References of "Niepel, Christoph 50002763"
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See detailMetacognitive confidence judgments and their link to complex problem solving
Rudolph, Julia UL; Niepel, Christoph UL; Greiff, Samuel UL et al

in Intelligence (2017)

With the aim to better understand the nature of complex problem solving (CPS), we investigated the link between confidence judgments, which represent a major constituent of metacognitive self-monitoring ... [more ▼]

With the aim to better understand the nature of complex problem solving (CPS), we investigated the link between confidence judgments, which represent a major constituent of metacognitive self-monitoring, and CPS by regressing the two facets of CPS (i.e., knowledge acquisition and knowledge application) on confidence in CPS. To ensure that the link between confidence in CPS and CPS is distinct, we controlled for reasoning, which is the strongest known correlate of CPS. Using structural equation modeling in a sample of 471 German eventh- grade students, we found that confidence in CPS explained 67% of the variance in CPS knowledge acquisition and 55% of the variance in CPS knowledge application. These links were reduced but remained substantial when we controlled for reasoning. The results indicate that confidence judgments as indicators of metacognitive monitoring in CPS are substantially linked to successful CPS, thus bringing us one step closer to a full understanding of CPS. [less ▲]

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See detailDeterminants of Academic Self-Concept
Niepel, Christoph UL

Presentation (2016, September 13)

Detailed reference viewed: 48 (1 UL)
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See detailFatherhood Desires and Intentions: A Comparison of Young Gay Men in Germany and Turkey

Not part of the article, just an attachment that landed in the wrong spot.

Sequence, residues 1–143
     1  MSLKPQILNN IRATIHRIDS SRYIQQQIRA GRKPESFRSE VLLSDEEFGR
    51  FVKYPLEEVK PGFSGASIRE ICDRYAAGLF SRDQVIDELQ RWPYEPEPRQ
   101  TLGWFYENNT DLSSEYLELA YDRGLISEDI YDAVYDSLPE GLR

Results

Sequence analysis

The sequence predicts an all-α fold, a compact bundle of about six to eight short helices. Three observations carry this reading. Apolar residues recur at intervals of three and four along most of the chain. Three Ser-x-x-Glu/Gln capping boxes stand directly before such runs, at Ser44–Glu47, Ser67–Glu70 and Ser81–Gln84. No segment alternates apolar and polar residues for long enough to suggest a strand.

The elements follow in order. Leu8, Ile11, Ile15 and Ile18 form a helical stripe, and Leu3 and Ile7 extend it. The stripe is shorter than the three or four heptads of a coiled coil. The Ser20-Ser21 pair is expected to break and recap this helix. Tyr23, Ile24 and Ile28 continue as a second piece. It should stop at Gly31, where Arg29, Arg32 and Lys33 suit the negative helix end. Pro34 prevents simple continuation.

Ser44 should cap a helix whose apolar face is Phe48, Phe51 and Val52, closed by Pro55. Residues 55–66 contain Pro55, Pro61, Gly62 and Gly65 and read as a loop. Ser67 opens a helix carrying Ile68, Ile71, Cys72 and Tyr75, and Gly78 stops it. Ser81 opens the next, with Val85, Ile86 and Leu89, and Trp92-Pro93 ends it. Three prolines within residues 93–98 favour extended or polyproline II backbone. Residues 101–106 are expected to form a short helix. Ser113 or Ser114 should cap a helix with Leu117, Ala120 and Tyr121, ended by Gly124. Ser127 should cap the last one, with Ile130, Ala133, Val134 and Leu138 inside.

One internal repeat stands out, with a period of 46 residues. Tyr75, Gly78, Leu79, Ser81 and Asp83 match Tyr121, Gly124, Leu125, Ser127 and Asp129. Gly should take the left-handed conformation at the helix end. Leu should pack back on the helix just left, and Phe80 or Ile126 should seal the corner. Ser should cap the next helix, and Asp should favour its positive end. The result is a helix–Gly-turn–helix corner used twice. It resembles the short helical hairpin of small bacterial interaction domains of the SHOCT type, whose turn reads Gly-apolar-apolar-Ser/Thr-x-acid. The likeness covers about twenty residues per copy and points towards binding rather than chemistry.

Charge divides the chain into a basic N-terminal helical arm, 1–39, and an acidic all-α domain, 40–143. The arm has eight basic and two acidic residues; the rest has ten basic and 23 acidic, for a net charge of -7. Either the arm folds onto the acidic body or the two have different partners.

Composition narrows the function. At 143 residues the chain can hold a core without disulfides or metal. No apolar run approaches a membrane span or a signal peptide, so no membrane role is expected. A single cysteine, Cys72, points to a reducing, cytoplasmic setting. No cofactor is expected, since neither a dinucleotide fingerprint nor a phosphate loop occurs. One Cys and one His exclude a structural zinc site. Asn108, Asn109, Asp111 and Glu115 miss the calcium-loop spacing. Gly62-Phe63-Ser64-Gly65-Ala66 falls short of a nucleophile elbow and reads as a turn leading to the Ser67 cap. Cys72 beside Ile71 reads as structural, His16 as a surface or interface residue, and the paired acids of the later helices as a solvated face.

Kranz, Dirk; Topuz, Esra; Niepel, Christoph UL

Scientific Conference (2016, August)

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See detailLesbian and Gay Identity: Testing for Equivalence Across Germans and US-Americans
Niepel, Christoph UL; Greiff, Samuel UL; Mohr, Jonathan et al

Scientific Conference (2016, July)

Detailed reference viewed: 70 (3 UL)
See detailAssessment of transversal skills in large-scale assessments across countries. What about cross-cultural comparability?
Greiff, Samuel UL; Niepel, Christoph UL; Martin, Romain UL

in Issues and current topics in cross cultural assessment (2016, July)

Detailed reference viewed: 52 (4 UL)
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See detailFatherhood Desires and Intentions: A Comparison of Childless Gay and Straight Men in Germany
Kranz, Dirk; Busch, Holger; Niepel, Christoph UL

Poster (2016, July)

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See detailParenting Desires and Intentions: A Comparison of Childless Gays and Lesbians in Germany
Kranz, Dirk; Fischer, Jan-Andrej; Niepel, Christoph UL

Scientific Conference (2016, July)

Detailed reference viewed: 70 (0 UL)
See detailRegenbogenfamilien: Forschungsfelder und Befunde
Niepel, Christoph UL

Presentation (2016, June 16)

Detailed reference viewed: 76 (2 UL)
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See detailThe choice between what you want now and what you want most. Self-control explains academic achievement beyond cognitive ability
Stadler, Matthias UL; Aust, Miriam; Becker, Nicolas et al

in Personality and Individual Differences (2016), 94